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SESSION IDENTIFIER IDENTIFICATION

To analyze the coverage of the SID identification algorithm, we collected the index pages of Alexa’s top one million sites, storing both the response headers and the response pages. We used a widget to collect only the main page, without attempting to load any subresource (e.g. images, scripts, etc.), thus we only sent one request to each listed site. One exception is a response with a redirect, which we followed until it pointed at an actual page. To assess the validity of the SID identification algorithm, we conducted a manual analysis of a subset of 1,000 sites. This analysis shows that the SID identification algorithm effectively filters out SIDs from other values. Out of 5,500 cookies, 1,953 are identified as SIDs. Of these 1,953 cookies, we only discovered 10 cookies that cannot be obviously classified as a SID.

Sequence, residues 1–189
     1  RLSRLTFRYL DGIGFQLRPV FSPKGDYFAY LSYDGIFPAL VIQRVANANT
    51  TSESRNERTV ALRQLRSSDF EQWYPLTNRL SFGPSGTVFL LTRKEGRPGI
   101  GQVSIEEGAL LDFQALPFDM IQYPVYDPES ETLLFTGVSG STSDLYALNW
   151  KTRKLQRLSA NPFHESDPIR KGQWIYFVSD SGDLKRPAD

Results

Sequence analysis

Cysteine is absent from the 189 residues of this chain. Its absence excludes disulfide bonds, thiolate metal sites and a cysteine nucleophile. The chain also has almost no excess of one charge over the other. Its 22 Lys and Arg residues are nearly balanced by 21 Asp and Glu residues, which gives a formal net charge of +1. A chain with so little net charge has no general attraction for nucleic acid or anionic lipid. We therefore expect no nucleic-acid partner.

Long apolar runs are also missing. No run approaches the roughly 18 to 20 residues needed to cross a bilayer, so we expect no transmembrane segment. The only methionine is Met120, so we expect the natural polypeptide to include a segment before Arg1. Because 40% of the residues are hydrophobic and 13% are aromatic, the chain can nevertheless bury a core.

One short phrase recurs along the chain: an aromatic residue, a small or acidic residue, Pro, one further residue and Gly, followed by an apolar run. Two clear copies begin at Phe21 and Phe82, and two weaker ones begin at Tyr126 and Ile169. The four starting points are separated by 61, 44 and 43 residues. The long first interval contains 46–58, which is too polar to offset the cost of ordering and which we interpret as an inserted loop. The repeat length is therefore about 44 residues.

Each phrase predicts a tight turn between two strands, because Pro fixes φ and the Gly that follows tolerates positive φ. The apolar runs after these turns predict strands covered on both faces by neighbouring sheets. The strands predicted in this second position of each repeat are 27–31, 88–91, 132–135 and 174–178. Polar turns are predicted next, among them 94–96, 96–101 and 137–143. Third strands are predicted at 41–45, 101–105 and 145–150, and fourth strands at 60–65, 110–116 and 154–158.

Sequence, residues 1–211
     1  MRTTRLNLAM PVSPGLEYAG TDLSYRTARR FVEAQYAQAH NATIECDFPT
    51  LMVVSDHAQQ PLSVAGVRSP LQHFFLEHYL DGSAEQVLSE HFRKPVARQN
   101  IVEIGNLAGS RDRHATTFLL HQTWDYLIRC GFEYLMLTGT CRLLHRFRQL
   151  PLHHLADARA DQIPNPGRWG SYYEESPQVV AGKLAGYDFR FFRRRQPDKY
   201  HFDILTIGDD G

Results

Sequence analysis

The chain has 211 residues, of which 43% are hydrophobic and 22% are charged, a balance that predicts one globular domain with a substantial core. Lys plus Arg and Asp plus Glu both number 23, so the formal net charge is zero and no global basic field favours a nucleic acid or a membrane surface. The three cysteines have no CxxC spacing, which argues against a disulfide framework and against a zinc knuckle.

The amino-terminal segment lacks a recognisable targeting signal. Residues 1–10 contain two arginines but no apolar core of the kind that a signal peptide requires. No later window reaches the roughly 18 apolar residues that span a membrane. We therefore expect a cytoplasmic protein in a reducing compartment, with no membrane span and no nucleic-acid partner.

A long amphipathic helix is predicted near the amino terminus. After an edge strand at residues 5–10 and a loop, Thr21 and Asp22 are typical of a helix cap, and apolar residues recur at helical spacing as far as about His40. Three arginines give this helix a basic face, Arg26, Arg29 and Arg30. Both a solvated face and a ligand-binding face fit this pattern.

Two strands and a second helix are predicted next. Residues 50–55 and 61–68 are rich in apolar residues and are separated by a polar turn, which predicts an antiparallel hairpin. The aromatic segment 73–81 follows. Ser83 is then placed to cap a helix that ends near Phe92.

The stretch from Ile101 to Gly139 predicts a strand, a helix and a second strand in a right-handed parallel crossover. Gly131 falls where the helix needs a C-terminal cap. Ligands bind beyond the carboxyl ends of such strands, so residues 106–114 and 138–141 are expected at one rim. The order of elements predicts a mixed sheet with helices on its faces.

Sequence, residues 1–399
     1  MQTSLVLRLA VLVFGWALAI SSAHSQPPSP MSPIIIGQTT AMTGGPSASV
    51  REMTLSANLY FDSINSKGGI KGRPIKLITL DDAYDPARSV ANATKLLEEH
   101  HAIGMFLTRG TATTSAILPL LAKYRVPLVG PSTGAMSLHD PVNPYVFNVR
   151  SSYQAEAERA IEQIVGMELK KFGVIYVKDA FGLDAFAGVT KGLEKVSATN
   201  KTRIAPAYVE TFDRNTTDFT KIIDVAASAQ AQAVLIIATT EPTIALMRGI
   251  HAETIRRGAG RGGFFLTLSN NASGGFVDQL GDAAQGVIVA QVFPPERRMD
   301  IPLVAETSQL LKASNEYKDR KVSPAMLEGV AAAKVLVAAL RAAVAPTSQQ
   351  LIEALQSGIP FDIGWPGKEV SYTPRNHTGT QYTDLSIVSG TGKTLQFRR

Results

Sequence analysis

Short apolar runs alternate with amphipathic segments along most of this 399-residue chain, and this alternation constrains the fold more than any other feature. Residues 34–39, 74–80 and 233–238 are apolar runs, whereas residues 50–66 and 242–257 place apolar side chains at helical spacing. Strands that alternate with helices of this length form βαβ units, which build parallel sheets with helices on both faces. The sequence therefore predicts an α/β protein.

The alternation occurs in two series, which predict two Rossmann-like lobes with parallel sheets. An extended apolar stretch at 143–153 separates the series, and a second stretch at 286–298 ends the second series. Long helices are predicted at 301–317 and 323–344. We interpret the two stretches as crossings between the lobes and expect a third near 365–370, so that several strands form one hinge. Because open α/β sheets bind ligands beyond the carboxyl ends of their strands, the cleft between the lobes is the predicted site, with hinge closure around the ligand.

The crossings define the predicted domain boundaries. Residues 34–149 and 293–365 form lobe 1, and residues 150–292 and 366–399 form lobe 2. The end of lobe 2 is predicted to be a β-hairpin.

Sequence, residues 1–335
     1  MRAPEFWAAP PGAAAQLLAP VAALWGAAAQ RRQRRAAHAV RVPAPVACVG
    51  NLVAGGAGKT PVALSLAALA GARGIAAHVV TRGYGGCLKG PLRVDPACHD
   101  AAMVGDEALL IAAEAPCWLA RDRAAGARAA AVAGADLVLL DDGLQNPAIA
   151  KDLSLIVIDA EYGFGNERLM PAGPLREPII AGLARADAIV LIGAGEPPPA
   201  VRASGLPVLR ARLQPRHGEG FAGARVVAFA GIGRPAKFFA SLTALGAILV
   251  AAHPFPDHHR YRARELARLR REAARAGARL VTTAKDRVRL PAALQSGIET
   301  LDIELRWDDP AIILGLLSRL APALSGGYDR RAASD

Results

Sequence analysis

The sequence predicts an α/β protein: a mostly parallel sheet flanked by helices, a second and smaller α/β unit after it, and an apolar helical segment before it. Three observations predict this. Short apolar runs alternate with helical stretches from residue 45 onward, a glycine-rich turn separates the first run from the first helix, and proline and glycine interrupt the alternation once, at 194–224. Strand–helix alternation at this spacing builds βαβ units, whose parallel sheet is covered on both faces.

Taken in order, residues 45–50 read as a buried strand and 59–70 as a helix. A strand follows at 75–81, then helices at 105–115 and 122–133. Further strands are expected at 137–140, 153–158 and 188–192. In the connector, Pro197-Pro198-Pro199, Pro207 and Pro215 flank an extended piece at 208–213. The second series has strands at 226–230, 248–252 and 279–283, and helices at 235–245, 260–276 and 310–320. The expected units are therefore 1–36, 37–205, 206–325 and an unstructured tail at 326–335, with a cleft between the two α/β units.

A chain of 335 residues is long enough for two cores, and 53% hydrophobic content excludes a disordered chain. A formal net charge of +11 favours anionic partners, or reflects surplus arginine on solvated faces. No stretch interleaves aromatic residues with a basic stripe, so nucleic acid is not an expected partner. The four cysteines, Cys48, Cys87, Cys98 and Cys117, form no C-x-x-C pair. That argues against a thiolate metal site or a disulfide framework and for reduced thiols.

Analyzing the set of the top one million sites shows 472,834 sites ask the browser to set a cookie upon the first request. Running the SID identification algorithm on these cookies reveals that the cookies of 349,480 domains (73.98%) contain a session identifier: 266,305 domains use a SID with a known name and 98,305 use a SID that matches the three heuristics. Note that these numbers indicate that 15,130 domains use both a SID with a known name and a SID that matches the heuristics. Manual inspection of a subset shows that several sites use indeed multiple SID key/value pairs, for instance, two different kinds of identifiers (a session ID and a visitor ID) or different keys for the same SID value. Finally, analyzing the use of the Domain option on cookies containing a session identifier shows that 6.5% of 349,480 sites make the SID available for all subdomains. These numbers suggest that of the 472,834 sites setting cookies, 123,354 do not include a session identifier in their cookies. We isolated these sites and conducted a follow-up study: similar to the first study, we fetched their index page twice, independently from each other. By comparing the cookie’s key/value pairs present in the response, we can detect potential false negatives in the SID identification algorithm: if the cookies of both responses are exactly the same, then these cookies cannot represent a session identifier, since a SID cannot be shared between two independent requests. The results show that of the 123,354 sites, 77,935 set at least one different cookie value on both requests. Applying the length and randomness heuristic suggests that 69,405 of these domains actually set some kind of identifier. In total, this means that with the elementary SID identification algorithm, Serene already protects 349,480 domains out of 418,885 domains setting a SID, or 83.43%.